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November 28, 2020

John Boyega, Marcus Rashford and Michaela Coel among GQ winners

Sports

P
Pa
November 28, 2020

Star Wars actor John Boyega, actress Michaela Coel and England footballer Marcus Rashford were among the stars honoured at this year’s GQ Men Of The Year awards.

Boyega was named winner of the icon award, with Chewing Gum star Coel named the creative icon winner and Rashford awarded the campaigner honour at the virtual ceremony.

GQ’s annual event, which celebrates men and women who have helped to shape the world’s cultural landscape in style, politics, entertainment and sport, was held online due to the coronavirus pandemic, and was hosted by Jack Whitehall. Speaking from the London Coliseum, the comedian quipped: “Theatres, remember them?”

Manchester United star Rashford, 23, has won widespread praise and an MBE following his successful lobbying of the government for the extension of free school meals. A video showed him dressed in a tuxedo taking a cooking class at his old primary school, before accepting his award in a classroom.

Boyega spoke of his own heroes, including his mother and fellow actor Daniel Kaluuya. He said the honour would drive him to inspire others.

I May Destroy You star Coel was seen watching celebratory video messages from musician FKA Twigs, fashion model Adwoa Aboah and poet Caleb Femi. Speaking about her hit BBC One programme, which tackles the effects of sexual assault, she said: “I want to say thank you for this award. It’s been a lot. The show was a lot. It was a lot of pain. It was a lot of joy. I feel very honoured to receive this award.”

Normal People star Paul Mescal was named the breakthrough actor, with Captain Marvel actress Lashana Lynch the breakthrough actress. Lynch will next be seen playing Double-0 agent Nomi in Daniel Craig’s final outing as superspy James Bond in the delayed No Time To Die. At the awards, she featured in a sketch where she faced a lie detector test and was questioned over her knowledge about who had been cast as the next Bond.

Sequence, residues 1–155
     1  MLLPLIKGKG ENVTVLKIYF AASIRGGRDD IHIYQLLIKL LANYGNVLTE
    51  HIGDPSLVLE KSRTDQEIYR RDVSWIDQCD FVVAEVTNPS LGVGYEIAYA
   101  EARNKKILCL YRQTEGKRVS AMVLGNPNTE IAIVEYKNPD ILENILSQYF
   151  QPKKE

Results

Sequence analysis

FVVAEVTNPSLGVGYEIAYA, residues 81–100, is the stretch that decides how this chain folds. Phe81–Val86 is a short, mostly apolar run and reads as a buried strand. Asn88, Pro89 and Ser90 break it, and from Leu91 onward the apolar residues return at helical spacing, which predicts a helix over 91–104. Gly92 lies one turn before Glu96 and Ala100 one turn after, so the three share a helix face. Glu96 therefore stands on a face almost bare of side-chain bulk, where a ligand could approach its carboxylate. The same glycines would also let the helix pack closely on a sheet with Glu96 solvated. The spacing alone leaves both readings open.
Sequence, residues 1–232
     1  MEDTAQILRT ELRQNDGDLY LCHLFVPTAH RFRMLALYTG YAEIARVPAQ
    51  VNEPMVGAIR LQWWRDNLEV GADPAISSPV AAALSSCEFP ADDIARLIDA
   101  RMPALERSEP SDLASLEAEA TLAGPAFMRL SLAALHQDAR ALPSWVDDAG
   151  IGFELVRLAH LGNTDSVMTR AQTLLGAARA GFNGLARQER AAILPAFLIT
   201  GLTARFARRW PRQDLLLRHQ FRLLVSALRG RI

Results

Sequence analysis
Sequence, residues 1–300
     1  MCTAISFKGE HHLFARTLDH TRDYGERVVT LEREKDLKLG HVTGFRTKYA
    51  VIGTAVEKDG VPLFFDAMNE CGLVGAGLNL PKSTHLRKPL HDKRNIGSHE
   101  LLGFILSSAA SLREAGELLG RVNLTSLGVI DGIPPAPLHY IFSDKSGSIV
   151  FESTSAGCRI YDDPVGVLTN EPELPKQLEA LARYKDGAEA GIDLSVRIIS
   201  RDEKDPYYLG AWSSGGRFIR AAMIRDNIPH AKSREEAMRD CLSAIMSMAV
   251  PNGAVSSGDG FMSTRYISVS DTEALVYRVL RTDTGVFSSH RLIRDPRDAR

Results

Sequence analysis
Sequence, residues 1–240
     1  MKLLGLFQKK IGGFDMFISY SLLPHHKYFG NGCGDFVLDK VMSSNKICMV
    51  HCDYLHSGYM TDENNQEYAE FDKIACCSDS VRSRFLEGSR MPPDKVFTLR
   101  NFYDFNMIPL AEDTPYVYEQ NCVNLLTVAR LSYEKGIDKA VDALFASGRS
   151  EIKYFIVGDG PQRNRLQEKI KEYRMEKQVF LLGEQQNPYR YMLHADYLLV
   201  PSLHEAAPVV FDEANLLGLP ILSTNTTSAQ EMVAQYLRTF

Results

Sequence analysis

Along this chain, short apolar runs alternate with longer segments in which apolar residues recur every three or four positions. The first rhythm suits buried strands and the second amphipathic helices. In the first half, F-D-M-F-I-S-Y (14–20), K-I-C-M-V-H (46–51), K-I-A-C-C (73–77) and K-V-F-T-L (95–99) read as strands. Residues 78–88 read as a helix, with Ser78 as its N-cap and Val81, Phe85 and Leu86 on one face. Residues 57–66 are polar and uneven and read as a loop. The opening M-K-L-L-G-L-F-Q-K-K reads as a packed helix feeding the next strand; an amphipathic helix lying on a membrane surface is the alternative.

The GQ awards also honoured Patrick Hutchinson, a personal trainer who made headlines after he was photographed in London during a Black Lives Matter protest this year, helping an injured counter-protester to safety. Hutchinson was named the winner of the humanitarian award.

Captain Sir Tom Moore, who recently became GQ’s oldest cover star, was honoured with the inspiration gong. The 100-year-old Second World War veteran has raised more than £32 million for the NHS by walking laps of his garden. He was seen in a humorous sketch apparently performing backflips.

Author, artist and illustrator Charlie Mackesy, whose book The Boy, The Mole, The Fox And The Horse has been a bestseller, won the artist award.

Musicians Ozzy Osbourne and Shawn Mendes were presented with gongs too, with Osbourne given a lifetime achievement award while Mendes was named solo artist winner. Black Sabbath frontman Osbourne revealed at the beginning of this year that he had been diagnosed with Parkinson’s disease.

Good Morning Britain’s Piers Morgan was named the winner of the TV personality award, with designer Tommy Hilfiger honoured as the design legend. Ahead of the ceremony, racing driver Lewis Hamilton was named game changer of the year. The GQ Men Of The Year Awards, in association with Hugo Boss, were shown on British GQ’s YouTube channel.

Lewis Hamilton recalled the racial abuse he suffered as a young driver as he was honoured with the game changer prize. The racing driver, who won a record-equalling seventh Formula One world championship earlier this month, appeared during the online ceremony in a pre-recorded segment.

The Stevenage-born star, 35, described his early years in karting and spoke of how he had been affected by the death of George Floyd in the US. He said: “At the end of the day, every single one of us, we bleed the same colour blood.

“It started when I was five, my first experience of racism, and it continued through school, walking through parks and being jumped, having things thrown at you, and then later through karting, constantly racial slurs.

“Once I even turned professional, I received racial abuse and no-one said anything. My dad would always just say, ‘Do your talking on the track’. For me, it was watching George being held down for those eight minutes and 30 seconds. It brought up a lot of emotions that I hadn’t even realised I had suppressed. Enough is enough. Now is not the time to be silent.”

Hamilton, who has shown his support for the Black Lives Matter movement throughout the 2020 F1 season, also looked back at his first race of the calendar where he took the knee.

“I remember feeling heat because I knew it was going to spark some sort of reaction,” he said. “People still to this day don’t fully understand what that gesture means. This is not a political statement. This is a human rights issue.

“It’s not just about doing the symbolism thing, like taking the knee or changing the car to black,” he added, referring to his F1 team Mercedes’ decision to use a black racing livery this year. It’s then what can we do to really make change.”